Death toll from Mexico quake surpasses 200

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A powerful quake jolted central Mexico on Tuesday, killing 216 people, cracking building facades and scattering rubble on streets in the capital.

The death toll is likely to rise as the rescue operation is still in the process said the rescue crews in the Mexico City.

The quake killed as many as 217 people and rescue efforts are underway with heavy machinery clearing debris, and emergency workers climbing into unsafe spots to save those who are trapped as precious time continues to pass. At least 217 people have died.

The town's Instituto Morelos secondary school partly collapsed, but school director Adelina Anzures said the quake drill held in the morning came in handy.

At least 42 people were killed in the central state of Morelos, according to a tweet from the governor, Graco Ramirez. The quake left more than 50 people dead and was the strongest in the country in the last 100 years, according to experts and officials.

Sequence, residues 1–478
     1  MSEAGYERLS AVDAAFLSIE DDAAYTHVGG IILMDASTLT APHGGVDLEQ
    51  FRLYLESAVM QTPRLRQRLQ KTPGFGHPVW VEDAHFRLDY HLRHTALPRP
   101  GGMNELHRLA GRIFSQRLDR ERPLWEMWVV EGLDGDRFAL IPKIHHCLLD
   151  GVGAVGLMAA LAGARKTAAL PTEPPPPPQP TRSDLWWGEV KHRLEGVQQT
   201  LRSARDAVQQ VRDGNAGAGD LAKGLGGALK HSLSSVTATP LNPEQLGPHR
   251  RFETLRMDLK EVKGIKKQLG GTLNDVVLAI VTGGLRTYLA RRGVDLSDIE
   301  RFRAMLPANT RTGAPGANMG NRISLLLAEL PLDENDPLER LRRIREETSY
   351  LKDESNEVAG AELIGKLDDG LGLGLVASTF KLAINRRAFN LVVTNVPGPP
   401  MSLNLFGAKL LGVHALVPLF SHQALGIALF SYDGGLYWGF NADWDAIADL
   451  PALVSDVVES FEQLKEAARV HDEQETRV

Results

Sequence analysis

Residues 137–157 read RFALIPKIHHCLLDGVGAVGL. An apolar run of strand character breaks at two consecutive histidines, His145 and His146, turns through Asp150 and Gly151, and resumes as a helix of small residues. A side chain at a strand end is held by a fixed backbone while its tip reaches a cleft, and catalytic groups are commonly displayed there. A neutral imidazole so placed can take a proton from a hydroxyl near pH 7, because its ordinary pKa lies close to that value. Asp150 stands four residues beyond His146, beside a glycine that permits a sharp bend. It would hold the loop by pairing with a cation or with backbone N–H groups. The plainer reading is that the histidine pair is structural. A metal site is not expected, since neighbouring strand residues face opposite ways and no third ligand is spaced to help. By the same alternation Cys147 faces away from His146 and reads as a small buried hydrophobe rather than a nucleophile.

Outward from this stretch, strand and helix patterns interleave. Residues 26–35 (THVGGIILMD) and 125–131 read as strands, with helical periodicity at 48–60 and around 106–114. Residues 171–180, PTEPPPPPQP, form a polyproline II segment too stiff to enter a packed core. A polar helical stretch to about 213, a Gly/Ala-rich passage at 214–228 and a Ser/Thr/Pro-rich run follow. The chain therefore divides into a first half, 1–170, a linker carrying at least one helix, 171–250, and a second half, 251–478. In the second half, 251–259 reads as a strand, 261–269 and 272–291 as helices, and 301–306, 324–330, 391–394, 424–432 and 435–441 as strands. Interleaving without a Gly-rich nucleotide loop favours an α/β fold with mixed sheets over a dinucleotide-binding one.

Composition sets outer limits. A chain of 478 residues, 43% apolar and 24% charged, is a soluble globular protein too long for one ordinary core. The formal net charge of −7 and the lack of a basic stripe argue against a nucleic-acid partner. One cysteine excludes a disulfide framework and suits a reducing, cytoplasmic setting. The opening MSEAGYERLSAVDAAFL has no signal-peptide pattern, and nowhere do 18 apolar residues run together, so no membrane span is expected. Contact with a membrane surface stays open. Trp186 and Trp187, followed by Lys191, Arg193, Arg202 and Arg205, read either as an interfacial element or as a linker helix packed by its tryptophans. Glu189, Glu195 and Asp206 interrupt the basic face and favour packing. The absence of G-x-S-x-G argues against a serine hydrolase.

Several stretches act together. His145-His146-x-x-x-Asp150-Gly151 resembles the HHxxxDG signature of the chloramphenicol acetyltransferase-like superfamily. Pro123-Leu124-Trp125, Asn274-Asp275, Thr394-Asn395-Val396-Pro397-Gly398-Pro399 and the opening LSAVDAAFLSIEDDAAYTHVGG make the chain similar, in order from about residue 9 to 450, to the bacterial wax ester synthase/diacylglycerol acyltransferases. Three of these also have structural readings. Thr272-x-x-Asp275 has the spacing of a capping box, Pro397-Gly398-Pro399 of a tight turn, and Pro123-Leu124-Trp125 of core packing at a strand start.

People taking to the streets to avoid being inside and helping rescue crews search for survivors.

On that day in 1985, a magnitude 8.0 natural disaster hit, killing those thousands of people in Mexico City, while devastating its infrastructure. When the shaking began, children and teachers filed out rapidly and no one was hurt, she said. Agustin Iglesias said he and his family are scared of what they might find out because they haven't been able to get in touch with his mother, who lives near the epicenter.

TV show host Ellen DeGeneres also took to Twitter, sending her love and support to the people Mexico.

The New York Times noted that the President has convened the country's National Emergency Committee to assess the situation and coordinate relief efforts.

Gislady Skaggs, a passenger aboard the San Francisco-bound flight, described what it looked like on the airport's tarmac.

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